MIDDLE SCHOOL FEASIBILITY STUDY - Voters will decide at the April 12 Town Meeting whether to fund a one-year debt exclusion of about $294,000 for a feasibility study on the construction of a new middle school. The total cost of the study would be about $650,000 but the state would reimburse 55 percent of the project's costs, leaving the town responsible for just over $294,000. Town officials have been pushing for a new middle school, and the feasibility study would be the first step toward gaining state assistance under the state's school reimbursement program. Supporters of the school project say voters will not see much of a difference in their tax bills because a similar debt exclusion that was approved last year to fund repairs to the town library roof is set to expire. - Milton Valencia

ANNUAL TOWN MEETING SATURDAY - A proposed $52.02 million fiscal 2009 operating budget is among the key items set to come before the annual Town Meeting on Saturday, at 9 a.m. at the high school gym. The spending plan represents an approximately 4 percent increase over the current year's budget. The meeting will also consider a $1.87 million fiscal 2009 capital improvement plan, and $2.1 million in proposed expenditures from the Community Preservation Fund. The proposed Community Preservation spending includes $700,000 to fund an affordable housing trust - a proposal to create the trust will be taken up by a Special Town Meeting that will convene within Saturday's regular session. In other business, the meeting will consider a proposed storm-water bylaw, and proposed zoning changes for the Humarock section of town. One of those changes would allow multifamily development in the center of Humarock - on several streets, such developments could include businesses on the first floor. Another would rezone certain properties in Humarock from business to residential. Also on tap is a proposal for a new bylaw that would prohibit Level 2 or 3 registered sex offenders from establishing permanent resident within 2,000 feet of a school, day-care center, park, elderly housing facility, or place of worship. - John Laidler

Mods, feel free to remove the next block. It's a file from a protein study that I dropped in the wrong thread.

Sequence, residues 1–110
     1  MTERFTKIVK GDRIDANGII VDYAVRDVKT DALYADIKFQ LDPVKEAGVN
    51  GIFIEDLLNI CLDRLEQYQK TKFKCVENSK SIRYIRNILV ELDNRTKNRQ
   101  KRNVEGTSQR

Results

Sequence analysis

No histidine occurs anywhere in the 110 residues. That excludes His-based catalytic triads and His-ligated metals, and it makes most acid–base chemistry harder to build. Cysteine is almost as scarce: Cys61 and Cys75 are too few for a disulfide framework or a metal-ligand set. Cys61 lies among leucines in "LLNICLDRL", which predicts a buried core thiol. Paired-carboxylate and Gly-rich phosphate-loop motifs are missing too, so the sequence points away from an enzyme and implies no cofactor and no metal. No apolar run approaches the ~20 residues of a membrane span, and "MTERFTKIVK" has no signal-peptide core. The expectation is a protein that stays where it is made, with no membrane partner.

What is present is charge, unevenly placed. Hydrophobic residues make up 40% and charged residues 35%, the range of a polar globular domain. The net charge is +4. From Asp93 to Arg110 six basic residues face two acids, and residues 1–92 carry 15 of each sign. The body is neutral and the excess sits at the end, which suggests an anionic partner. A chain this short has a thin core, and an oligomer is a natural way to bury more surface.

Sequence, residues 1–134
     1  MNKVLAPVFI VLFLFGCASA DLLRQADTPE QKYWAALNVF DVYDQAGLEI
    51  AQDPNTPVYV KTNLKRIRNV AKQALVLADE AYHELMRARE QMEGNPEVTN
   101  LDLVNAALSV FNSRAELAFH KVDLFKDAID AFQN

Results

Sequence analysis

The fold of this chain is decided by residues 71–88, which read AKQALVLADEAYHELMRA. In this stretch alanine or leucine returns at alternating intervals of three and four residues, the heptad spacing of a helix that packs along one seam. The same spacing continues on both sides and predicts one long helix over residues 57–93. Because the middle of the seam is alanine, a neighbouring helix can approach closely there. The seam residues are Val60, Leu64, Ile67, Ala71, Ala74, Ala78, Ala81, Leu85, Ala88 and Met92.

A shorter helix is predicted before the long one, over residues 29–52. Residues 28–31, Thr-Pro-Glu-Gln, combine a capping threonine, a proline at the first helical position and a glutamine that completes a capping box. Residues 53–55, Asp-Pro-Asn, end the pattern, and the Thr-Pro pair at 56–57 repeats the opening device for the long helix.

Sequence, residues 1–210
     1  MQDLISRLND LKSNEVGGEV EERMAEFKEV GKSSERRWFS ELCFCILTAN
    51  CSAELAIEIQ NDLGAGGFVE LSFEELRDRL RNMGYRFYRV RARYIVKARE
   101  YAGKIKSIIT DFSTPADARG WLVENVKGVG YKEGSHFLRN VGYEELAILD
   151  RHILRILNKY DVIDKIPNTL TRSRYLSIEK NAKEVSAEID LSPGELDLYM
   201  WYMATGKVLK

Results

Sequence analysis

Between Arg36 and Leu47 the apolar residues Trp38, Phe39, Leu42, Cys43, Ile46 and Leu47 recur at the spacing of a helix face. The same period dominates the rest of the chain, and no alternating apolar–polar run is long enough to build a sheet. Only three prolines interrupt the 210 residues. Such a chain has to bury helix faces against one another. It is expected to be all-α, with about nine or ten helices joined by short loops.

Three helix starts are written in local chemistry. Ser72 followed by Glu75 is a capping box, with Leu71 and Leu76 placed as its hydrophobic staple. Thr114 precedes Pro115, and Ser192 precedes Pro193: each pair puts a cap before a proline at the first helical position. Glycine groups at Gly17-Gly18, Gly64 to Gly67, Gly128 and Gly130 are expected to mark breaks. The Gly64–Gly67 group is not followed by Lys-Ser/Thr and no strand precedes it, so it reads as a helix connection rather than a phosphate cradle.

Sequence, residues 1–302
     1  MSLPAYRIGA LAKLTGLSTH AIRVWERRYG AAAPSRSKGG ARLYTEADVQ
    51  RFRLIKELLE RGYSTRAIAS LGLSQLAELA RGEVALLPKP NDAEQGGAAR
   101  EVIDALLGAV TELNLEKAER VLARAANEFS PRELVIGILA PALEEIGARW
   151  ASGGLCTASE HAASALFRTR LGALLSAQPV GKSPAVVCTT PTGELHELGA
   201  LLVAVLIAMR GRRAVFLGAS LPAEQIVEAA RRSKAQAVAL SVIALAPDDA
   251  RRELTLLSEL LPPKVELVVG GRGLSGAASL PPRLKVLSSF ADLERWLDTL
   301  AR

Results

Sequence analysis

ELECTION HAS STUDENTS COMPETING - The first Voter Registration Marathon has kicked off at Weymouth High School, with two classes competing to see who can register more new voters. "It was originally a project for our [current affairs] class," said 16-year-old sophomore Zach Hachey. "We really got into it and decided that all the people who can vote, should." The students already have registered more than 100 people - 90 percent of them students - according to their teacher Burton Nadler, a former lawyer specializing in election law who started teaching history at Weymouth High School in September. The registration drive will continue until the end of the school year, he said. "I believe it's important," said 18-year-old senior Resha Allie. "It makes me feel like I have to vote, and also like I have more power and more say in what's going on." - Johanna Seltz

SCHOOL BUSES ON CHOPPING BLOCK - Schoolchildren who live less than 2 miles from Central Elementary School, as well as all students in grades 7 through 12, might have to find their own transportation to school next year. A $1.2 million gap currently exists between what school administrators say will provide a "level-services" budget for the district and the amount to which the school department is being held by town leaders. Eliminating all transportation that isn't mandated by the state will save $460,000. To make up the rest of the shortfall, school administrators will have to eliminate seven teaching positions and 12 teaching assistant position. - Christine Legere